20XX is a roguelike 2D sidescroller and platformer that was released for PC in August 2017 and for Nintendo Switch now. It bears a very strong resemblance to Mega Man X, both in its aesthetics and gameplay. But can it live up to the near-perfect action platformer with the impeccable soundtrack from our childhood?
Let’s talk similarities. In 20XX, you play as a young girl named Nina clad in armour and brandishing a power blaster; not unlike our old hero, X. You also have the option of playing as a male character, Ace, who wields an electric sword instead. I opted for Nina, partially out of nostalgia, as she has the closest move set to X, but also because, hey, badass female lead in an action platformer? I’ll take it.
[As a side-note – growing up, I always thought Zero was a girl (it was hard to tell under all those pixels, and how on earth did he manage the upkeep of all that luscious blonde hair?). So even though I found out years later that Zero is not a girl, it was cool to have this super-awesome powerful girl to look up to at the time.]
The move set of Nina/Ace is very similar to X, from wall jumps to dashes. You can gain power-ups in each level, similar to Dr. Light’s cylindrical dispensary of goodies. The variety of power-ups is astounding in 20XX if a little overwhelming. You can improve how much damage you dole out, your blaster, your jumping abilities, and more, and in a multitude of ways. These abilities can be picked up in levels or in the interactive menu screen (more on that later).
Boss battles are similar to Mega Man X as well, with both the double boss door entry and the boss battle room being nearly identical to Mega Man X. Where the two differ however is in the bosses’ battle approach. Gone are the days of Chill Penguin and Boomer Kwanger, with their well-timed, random attacks that one had to calculate to avoid after careful observation. In their place is a coordinated bullet hell attack that seems to be identical across each boss. So while each boss may have different names, looks, and levels in which they reside, the boss battles become stale fairly quickly, with limited originality, apart from how each boss looks and what they shoot at you.
From there, the two games begin to veer off, with 20XX showing how much they’ve attempted to improve upon the fun challenges of Mega Man X. We’ll start with the interactive menu first. A little gimmicky, but it’s definitely a unique way to handle browsing through upgrades and levels. You start your journey here, and when you die, you return here to choose your next path and gather upgrades for your next run. You can also change characters here (Nina or Ace), and trade your loot in for various power-ups. Yes, the baddies drop loot in this game, which is similar to Mega Man X. But rather than 1ups and health, baddies in 20XX drop robot parts, which can be used as a form of currency to purchase upgrades. It sounds a bit like an iPhone app, but it’s not so bad once you start to figure it all out.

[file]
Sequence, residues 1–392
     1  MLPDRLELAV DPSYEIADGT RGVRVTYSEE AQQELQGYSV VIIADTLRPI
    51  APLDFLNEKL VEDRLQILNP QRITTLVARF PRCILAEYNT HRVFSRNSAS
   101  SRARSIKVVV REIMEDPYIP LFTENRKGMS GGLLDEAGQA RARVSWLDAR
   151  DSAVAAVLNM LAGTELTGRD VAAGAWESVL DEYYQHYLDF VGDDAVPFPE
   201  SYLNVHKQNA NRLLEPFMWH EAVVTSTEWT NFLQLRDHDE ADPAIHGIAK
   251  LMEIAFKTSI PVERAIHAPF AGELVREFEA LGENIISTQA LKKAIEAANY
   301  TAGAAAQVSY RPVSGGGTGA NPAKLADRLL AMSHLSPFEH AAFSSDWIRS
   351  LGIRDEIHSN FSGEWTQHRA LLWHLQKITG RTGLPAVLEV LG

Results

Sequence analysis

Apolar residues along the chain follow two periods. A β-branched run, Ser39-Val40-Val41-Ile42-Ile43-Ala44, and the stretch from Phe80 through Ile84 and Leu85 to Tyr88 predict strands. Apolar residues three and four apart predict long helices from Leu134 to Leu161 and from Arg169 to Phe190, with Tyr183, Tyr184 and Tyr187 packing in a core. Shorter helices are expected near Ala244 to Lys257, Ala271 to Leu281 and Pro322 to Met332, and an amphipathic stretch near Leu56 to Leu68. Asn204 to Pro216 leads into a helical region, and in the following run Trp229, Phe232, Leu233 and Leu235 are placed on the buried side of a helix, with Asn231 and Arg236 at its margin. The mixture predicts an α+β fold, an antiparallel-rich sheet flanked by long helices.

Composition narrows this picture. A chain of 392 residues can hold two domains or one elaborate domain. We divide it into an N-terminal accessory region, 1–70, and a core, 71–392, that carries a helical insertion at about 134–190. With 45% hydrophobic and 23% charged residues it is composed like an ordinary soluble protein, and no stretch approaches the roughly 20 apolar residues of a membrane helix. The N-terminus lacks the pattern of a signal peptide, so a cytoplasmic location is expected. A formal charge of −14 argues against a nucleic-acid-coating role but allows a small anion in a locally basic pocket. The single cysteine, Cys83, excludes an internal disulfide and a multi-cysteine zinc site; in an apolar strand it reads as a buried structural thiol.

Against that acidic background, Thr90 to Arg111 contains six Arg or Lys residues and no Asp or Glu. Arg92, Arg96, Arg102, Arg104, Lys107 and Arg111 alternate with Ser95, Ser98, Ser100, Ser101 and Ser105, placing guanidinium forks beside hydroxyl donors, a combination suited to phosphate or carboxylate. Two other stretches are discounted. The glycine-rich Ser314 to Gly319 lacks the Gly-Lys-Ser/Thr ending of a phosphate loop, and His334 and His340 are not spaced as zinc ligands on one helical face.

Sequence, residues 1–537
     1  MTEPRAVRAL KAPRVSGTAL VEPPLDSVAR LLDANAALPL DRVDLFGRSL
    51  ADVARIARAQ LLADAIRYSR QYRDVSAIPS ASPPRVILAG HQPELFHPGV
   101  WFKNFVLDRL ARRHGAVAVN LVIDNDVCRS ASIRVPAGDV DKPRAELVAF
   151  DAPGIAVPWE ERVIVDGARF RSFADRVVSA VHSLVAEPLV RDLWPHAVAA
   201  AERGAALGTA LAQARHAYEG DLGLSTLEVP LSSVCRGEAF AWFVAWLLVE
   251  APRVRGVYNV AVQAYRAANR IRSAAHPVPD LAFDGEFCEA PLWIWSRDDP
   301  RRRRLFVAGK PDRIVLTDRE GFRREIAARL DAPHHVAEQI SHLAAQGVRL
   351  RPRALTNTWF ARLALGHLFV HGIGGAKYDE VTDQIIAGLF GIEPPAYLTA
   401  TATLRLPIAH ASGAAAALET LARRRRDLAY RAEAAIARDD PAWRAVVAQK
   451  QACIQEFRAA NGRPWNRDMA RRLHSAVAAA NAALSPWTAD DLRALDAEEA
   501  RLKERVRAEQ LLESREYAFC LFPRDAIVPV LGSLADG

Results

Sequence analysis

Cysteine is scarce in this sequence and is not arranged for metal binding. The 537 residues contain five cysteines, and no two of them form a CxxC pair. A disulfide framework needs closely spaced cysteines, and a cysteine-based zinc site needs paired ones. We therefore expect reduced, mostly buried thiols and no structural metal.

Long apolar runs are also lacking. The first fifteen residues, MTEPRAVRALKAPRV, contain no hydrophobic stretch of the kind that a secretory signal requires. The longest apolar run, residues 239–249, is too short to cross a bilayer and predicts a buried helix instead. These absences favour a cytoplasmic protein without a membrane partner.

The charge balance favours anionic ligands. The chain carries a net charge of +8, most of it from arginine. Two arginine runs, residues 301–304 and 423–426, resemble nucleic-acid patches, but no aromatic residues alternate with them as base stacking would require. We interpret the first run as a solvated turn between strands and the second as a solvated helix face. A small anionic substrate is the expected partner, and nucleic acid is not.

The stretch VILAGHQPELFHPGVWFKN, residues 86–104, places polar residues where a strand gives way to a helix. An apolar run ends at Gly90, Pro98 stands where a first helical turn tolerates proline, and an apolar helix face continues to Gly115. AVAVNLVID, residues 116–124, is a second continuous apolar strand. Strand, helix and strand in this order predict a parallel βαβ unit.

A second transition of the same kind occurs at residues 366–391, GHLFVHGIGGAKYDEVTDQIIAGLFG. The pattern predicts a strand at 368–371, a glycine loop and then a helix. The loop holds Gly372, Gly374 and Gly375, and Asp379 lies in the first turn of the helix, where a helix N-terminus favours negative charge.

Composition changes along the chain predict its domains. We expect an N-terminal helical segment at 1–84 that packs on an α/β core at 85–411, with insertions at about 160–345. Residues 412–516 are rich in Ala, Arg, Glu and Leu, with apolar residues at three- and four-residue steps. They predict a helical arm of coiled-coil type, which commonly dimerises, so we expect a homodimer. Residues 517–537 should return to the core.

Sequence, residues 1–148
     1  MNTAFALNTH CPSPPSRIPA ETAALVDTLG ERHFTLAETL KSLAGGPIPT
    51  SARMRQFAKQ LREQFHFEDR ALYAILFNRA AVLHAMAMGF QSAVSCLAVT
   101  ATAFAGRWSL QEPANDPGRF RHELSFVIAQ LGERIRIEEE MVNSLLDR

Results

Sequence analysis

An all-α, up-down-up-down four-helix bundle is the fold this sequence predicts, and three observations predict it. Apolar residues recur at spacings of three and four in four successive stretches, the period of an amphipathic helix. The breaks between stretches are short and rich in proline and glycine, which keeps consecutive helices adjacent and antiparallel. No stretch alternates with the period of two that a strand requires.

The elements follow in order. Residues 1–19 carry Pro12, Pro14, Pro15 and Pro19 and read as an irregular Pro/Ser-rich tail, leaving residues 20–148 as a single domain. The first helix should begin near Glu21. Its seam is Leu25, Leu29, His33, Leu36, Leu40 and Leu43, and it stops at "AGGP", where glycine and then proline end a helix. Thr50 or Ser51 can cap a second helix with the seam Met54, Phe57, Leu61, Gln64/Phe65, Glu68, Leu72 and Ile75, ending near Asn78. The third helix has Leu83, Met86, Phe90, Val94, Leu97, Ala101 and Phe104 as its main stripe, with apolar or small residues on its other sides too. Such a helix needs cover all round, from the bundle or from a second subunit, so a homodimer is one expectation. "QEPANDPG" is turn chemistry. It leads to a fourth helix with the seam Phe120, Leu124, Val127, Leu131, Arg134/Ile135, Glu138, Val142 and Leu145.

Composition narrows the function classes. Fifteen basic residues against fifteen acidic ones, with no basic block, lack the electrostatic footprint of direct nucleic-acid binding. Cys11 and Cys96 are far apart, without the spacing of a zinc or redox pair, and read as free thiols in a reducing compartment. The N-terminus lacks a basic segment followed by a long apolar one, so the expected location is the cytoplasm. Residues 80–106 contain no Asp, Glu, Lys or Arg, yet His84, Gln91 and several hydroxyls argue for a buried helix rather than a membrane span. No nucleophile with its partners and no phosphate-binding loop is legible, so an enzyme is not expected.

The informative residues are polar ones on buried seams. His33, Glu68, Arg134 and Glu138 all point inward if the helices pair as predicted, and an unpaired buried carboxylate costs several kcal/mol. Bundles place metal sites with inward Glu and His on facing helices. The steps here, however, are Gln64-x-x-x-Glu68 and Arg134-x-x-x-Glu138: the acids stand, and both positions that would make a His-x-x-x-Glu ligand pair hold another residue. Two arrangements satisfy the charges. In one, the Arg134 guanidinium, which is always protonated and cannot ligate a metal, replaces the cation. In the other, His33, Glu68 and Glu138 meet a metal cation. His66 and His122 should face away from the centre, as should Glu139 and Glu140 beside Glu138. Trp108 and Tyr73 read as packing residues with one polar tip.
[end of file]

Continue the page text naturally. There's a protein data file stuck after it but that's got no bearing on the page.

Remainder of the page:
Let’s face it, The music in 20XX is good, but it can’t compare to the timeless beats of Mega Man X (Armored Armadillo, anyone?). It still has that 16-bit synth sound, but I’ll admit that none of the levels’ tunes really grabbed me for any length of time. Where the game does succeed Mega Man X is in graphics. For a 2D side-scroller, 20XX really has some gorgeous moments, especially any time you’re faced with an explosion.
20XX has made some improvements on the old franchise, for sure. You can play online co-op with a friend, you can take a break from a level and opt-in to a challenge, which could reward you with some excellent loot. Where the game noticeably lacks is in its story. Mega Man X expertly handled the dilemma of the conflicted hero. X does not see himself as a saviour, but rather as a sort of monster who has slain so many foes along his journey toward a resolution that he doesn’t even fully comprehend. 20XX has taken the depth and story out of Mega Man X and kept only the base mechanics of the game. There is no deeper story than: Robots Here Are Bad, Blast them. And there’s nothing really wrong with that. But it all depends on what drew us to Mega Man X in the first place, and whether those same draws will connect you to 20XX.
For a game funded by a Kickstarter though, it is impressive what has been accomplished, and the team at Batterystaple Games has certainly made a game that will satisfy those sweet pangs of nostalgia for us old Mega Man vets.
20XX is now available on the Nintendo Switch for €14.49 in the eShop. It’s also available on Steam, PS4, and Xbox.